Illinois Supreme Court Holds a Gun Ban Unconstitutional

People v. Aguilar. Unanimous decision, all seven justices concur. At issue was this statute:

Illinois Statutes, section 24-1.6(a)(1), (a)(3)(A), which states:

“(a) A person commits the offense of aggravated unlawful use of a weapon when he or she knowingly:

(1) Carries on or about his or her person or in any vehicle or concealed on or about his or her person except when on his or her land or in his or her abode or fixed place of business any pistol, revolver, stun gun or taser or other firearm; [and]

*** (3) One of the following factors is present:

(A) the firearm possessed was uncased, loaded and immediately accessible at the time of the offense[.]” 720 ILCS 5/24-1.6(a)(1), (a)(3)(A) (West 2008).

The statute quoted above is referred to by the Court as the AUUA for “Aggravated Unlawful Use of a Weapon.”   After citing and discussing the text of the Second Amendment and both District of Columbia v. Heller, 554 U.S. 570 (2008) and McDonald v. City of Chicago, 561 U.S. ___, ___, 130 S. Ct. 3020, 3050 (2010), and noting that several panels of the Illinois Court of Appeals have previously held that the AUUA passes Constitutional muster, the Court said:

In stark contrast to these Illinois decisions stands the Seventh [Federal] Circuit Court of Appeals’ recent decision in Moore v. Madigan, 702 F.3d 933 (7th Cir. 2012). In Moore, the court held that section 24- 1.6(a)(1), (a)(3)(A) is effectively “a flat ban on carrying ready-to-use guns outside the home” (id. at 940) and that, as such, it violates the second amendment right to keep and bear arms, as construed in Heller and McDonald (id. at 942). In reaching this result, Moore relied not on the specific holding of Heller—i.e., that the second amendment protects the right to possess a handgun in the home for the purpose of self-defense—but rather on the broad principles that informed that holding. According to Moore, the clear implication of Heller’s extensive historical analysis is that “the constitutional right of armed self-defense is broader than the right to have a gun in one’s home.”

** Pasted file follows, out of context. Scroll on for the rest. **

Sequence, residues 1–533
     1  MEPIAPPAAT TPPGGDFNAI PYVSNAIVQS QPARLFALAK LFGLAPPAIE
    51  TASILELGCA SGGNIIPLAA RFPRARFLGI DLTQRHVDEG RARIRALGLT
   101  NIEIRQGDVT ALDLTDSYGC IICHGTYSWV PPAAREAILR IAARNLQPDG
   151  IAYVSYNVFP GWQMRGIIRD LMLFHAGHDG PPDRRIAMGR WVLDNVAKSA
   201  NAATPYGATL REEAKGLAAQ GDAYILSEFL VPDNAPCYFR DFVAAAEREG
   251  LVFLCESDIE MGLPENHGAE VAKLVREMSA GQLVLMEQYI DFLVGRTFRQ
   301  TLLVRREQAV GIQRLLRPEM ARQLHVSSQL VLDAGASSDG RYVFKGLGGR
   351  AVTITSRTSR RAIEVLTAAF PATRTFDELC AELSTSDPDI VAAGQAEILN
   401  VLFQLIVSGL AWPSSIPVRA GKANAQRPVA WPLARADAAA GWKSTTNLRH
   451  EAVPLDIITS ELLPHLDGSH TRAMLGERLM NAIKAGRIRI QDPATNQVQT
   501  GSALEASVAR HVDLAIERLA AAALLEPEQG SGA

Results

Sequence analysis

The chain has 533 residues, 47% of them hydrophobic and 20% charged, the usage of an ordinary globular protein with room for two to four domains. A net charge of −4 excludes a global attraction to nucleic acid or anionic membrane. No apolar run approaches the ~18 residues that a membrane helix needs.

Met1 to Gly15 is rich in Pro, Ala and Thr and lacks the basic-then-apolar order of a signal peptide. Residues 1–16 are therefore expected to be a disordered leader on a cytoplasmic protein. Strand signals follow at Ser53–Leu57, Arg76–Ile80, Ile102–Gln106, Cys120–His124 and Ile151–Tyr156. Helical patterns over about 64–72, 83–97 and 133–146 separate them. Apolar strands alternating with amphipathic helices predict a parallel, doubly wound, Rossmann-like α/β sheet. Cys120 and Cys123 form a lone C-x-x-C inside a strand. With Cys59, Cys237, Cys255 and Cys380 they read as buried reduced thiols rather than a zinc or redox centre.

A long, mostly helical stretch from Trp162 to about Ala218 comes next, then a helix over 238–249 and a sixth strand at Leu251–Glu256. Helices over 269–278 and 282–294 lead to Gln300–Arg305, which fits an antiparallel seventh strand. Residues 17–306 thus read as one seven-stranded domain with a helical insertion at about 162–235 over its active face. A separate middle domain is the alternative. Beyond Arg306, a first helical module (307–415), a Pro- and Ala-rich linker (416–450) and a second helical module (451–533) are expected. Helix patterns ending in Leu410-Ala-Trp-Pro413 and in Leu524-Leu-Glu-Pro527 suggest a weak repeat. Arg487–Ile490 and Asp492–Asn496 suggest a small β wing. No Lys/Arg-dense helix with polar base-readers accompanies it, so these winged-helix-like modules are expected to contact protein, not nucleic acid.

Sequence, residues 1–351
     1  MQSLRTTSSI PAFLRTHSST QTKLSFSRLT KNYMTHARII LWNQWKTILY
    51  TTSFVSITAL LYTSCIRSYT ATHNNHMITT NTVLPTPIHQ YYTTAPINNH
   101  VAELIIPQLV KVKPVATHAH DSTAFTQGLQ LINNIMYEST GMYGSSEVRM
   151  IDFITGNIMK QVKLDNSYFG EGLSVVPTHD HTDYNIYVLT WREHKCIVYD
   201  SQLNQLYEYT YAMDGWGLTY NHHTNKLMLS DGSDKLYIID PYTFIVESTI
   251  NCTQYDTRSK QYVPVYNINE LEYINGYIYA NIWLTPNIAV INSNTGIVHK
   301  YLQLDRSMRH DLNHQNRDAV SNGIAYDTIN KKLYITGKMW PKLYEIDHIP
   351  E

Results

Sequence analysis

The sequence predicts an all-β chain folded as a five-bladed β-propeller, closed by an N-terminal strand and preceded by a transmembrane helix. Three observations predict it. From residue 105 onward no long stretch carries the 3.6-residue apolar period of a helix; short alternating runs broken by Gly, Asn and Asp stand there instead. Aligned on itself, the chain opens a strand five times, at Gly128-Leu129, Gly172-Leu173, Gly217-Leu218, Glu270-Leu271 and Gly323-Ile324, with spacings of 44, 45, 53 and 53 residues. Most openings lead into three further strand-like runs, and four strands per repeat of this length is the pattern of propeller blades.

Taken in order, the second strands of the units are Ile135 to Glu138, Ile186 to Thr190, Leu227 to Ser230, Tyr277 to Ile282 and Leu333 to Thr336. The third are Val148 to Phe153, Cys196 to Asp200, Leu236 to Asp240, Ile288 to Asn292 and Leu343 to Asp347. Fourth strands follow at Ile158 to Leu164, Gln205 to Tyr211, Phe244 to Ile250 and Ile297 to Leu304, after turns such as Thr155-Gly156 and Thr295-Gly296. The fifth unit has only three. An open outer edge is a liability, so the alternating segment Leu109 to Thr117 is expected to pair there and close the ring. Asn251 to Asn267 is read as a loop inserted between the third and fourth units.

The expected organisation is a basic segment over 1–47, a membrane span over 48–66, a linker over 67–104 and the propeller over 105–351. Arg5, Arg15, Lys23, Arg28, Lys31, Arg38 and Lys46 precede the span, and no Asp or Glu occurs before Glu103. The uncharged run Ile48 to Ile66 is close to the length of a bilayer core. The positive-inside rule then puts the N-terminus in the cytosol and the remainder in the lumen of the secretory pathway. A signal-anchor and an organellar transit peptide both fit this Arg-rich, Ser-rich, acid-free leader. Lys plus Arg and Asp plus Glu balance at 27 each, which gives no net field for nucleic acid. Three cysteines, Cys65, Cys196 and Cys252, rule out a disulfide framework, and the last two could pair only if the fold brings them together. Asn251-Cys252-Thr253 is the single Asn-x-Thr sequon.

Moreover, Moore explains that, although both Heller and McDonald state that the need for self-defense is “most acute” in the home, that “doesn’t mean it is not acute outside the home.” Id. (quoting McDonald, 561 U.S. at ___, 130 S. Ct. at 3036, and Heller, 554 U.S. at 628). On the contrary:

Heller repeatedly invokes a broader Second Amendment right than the right to have a gun in one’s home, as when it says that the amendment ‘guarantee[s] the individual right to possess and carry weapons in case of confrontation.’ [Citation.] Confrontations are not limited to the home.” Id. at 935-36 (quoting Heller, 554 U.S. at 592).

Finally, Moore notes that the second amendment guarantees not only the right to “keep” arms, but also the right to “bear” arms, and that these rights are not the same:

“The right to ‘bear’ as distinct from the right to ‘keep’ arms is unlikely to refer to the home. To speak of ‘bearing’ arms within one’s home would at all times have been an awkward usage. A right to bear arms thus implies a right to carry a loaded gun outside the home.” Id. at 936.

In other words, Moore concludes, “[t]he Supreme Court has decided that the [second] amendment confers a right to bear arms for self-defense, which is as important outside the home as inside.” Id. at 942. As a result, Moore held that Illinois’ “flat ban on carrying ready- to-use guns outside the home,” as embodied in section 24-1.6(a)(1), (a)(3)(A), is unconstitutional on its face. Id at 940.2.

Then the Illinois Supreme Court delivered the coup de grace to the case at hand:

After reviewing these two lines of authority—the Illinois cases holding that [AUUA]  is constitutional, and the Seventh Circuit’s decision holding that it is not—we are convinced that the Seventh Circuit’s analysis is the correct one.

The Court backed up its conclusion with additional reference to Heller, McDonald and Moore:

As the Seventh Circuit correctly noted, neither Heller nor McDonald expressly limits the second amendment’s protections to the home. On the contrary, both decisions contain language strongly suggesting if not outright confirming that the second amendment right to keep and bear arms extends beyond the home. Moreover, if Heller means what it says, and “individual self-defense” is indeed “the central component” of the second amendment right to keep and bear arms (Heller, 554 U.S. at 599), then it would make little sense to restrict that right to the home, as “[c]onfrontations are not limited to the home.” Moore, 702 F.3d at 935-36. Indeed, Heller itself recognizes as much when it states that “the right to have arms *** was by the time of the founding understood to be an individual right protecting against both public and private violence.”

Need I remind you dear reader, this is Illinois! This is the highest court in Illinois recognizing that the right of self defense is a natural right endowed upon all human beings by their creator and not by the government. The job of government is not to give people such rights, but to refrain from infringing upon these rights that all people have naturally by virtue of having been born as a human being.